PacWaste in Action: Postcard from Tanna, Vanuatu
- Published on 10 March 2016
Less than one year earlier, Tanna and nearby Erromango had been devastated by Category 5 Tropical Cyclone Pam and today – almost a year on, the re-building continues.
Lenakel Hospital, which services a population of 32,000 people across Tanna and six surrounding islands, was hit hard by Cyclone Pam, with more than one million dollars (US) worth of damage sustained. Staff who were at the hospital when the cyclone hit, clearly remember the sight of nearby homes collapsing and roofing iron "flying around, just like paper."
While the cyclone damage is still quite apparent around Lenakel, the 43-bed hospital is fully functioning once more. In recent weeks the hospital has been a hive of activity, with the arrival of new equipment and the delivery of specialised healthcare waste management training on-site.
These activities are taking place through PacWaste – a four-year project funded by the European Union and implemented by the Secretariat of the Pacific Regional Environment Programme (SPREP) to improve regional hazardous waste management across the Pacific. Vanuatu is one of 15 countries participating in PacWaste, with activities taking place in the priority areas of healthcare waste, E-waste and asbestos.
PacWaste had previously visited Lenakel in March 2014, to conduct a survey of the existing healthcare waste management processes and facilities at the hospital. The survey identified the need for improved storage, treatment and disposal solutions for healthcare waste and noted some potentially hazardous issues with the hospital's two incinerators.
Ms Elizabeth Vanderburg, SPREP's PacWaste Project Officer, explains that the two incinerators in question are wood-fired and therefore do not reach the temperatures required to burn healthcare waste to a suitable standard:
"The issue with the existing incinerators is quite apparent. The old wood burners bellow out smoke, negatively impacting on the staff and public at the hospital. In addition it inefficiently burns the waste which results in toxic air pollutants being produced and leaving behind larger amounts of ash to dispose of after each burn. This poses a significant risk of human injury and also environmental contamination."
Through PacWaste, Lenakel Hospital is being equipped with a new high temperature incinerator that is specially designed to destroy healthcare waste safely and effectively. Importantly, the incinerator is equipped with two combustion chambers – one to safely burn healthcare waste and another to burn the smoke generated from the first chamber. This technology ensures that very few emissions are released as a result of the incineration process compared to the previous system.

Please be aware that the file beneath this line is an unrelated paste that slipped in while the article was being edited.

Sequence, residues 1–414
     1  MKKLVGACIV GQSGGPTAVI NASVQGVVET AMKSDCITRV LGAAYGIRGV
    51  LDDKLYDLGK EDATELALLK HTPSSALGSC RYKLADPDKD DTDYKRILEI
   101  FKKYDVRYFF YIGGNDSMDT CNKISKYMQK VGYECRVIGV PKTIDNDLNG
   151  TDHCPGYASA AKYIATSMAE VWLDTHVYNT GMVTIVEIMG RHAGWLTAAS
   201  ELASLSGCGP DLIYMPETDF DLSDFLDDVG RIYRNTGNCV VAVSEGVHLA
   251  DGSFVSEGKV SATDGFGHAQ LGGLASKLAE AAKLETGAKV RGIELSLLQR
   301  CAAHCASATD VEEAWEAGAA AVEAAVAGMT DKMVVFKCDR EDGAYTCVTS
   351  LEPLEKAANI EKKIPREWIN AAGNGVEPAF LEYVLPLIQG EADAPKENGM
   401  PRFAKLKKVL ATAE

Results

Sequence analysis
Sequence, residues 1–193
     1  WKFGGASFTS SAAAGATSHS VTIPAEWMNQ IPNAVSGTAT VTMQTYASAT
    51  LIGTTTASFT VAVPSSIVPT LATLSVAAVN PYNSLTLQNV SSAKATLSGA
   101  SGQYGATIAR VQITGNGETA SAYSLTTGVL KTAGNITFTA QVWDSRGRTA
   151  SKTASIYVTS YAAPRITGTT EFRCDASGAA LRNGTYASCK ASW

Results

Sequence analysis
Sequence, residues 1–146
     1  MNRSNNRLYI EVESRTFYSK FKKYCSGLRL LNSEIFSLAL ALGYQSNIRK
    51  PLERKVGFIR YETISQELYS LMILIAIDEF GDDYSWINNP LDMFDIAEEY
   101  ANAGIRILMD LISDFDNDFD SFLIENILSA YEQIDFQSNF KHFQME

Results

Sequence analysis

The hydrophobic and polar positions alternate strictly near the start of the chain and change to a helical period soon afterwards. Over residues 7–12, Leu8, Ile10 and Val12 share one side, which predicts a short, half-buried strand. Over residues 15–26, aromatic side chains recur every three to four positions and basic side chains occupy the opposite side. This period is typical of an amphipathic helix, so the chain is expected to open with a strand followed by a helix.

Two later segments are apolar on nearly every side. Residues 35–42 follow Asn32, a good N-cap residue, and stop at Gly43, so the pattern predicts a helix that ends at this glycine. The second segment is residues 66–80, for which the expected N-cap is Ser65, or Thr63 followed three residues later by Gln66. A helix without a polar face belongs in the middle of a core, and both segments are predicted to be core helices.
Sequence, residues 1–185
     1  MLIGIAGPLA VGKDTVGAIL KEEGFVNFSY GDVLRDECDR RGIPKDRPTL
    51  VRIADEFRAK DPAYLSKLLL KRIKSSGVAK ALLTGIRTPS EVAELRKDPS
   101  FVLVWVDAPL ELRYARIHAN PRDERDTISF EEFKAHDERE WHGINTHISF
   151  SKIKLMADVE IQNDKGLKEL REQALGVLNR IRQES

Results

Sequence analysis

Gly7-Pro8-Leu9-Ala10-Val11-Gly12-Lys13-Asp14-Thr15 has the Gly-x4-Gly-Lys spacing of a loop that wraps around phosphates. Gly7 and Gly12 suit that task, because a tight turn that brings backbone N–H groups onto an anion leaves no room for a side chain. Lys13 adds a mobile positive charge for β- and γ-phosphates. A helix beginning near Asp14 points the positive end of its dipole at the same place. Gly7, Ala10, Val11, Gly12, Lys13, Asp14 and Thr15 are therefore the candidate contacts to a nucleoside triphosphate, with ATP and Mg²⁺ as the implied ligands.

Whilst in Lenakel, PacWaste is also delivering specialised training in the management and disposal of healthcare waste. The practical training programme, which has now been delivered at five separate sites across Vanuatu, has been tailored to build the capacity of hospital staff to safely manage and handle healthcare waste, from the point of creation through to treatment and disposal.
Lenakel Hospital Midwife, Ms Betty Simon, explains that the training was the most thorough she had received in her eight years at Lenakel hospital:
"I've had some basic training in the past, but nothing as detailed as this one. Today we have porters, drivers, nurses, laundry staff, cleaners, a radiographer, a pharmacy officer, lab technicians all at the training. It's good for all the people to be involved so that everyone at the hospital understands what is expected of them when it comes to managing our waste properly. For me, I have learned something here today about proper disposal of sharps, I plan to teach my nurses about disposing of needles properly."
Mr Jesús Laviña, Head of Section for Natural Resources and Infrastructure at the European Union Delegation for the Pacific, Suva explains that the provision of equipment and training at Lenakel hospital is part of a €2 million package of healthcare waste management assistance that will be implemented across 14 Pacific island countries, and Timor-Leste:
"The healthcare component of PacWaste has been designed to ensure that the region's largest hospitals can effectively and safely handle their healthcare waste, now and into the future. Investing in resources and training for the region's hospitals is an investment in the future health of communities across the Pacific," said Mr Laviña.
You can read more about PacWaste activities in Vanuatu by downloading the PacWaste Vanuatu Country Profile.
For more information about the PacWaste project, please visit www.sprep.org/pacwaste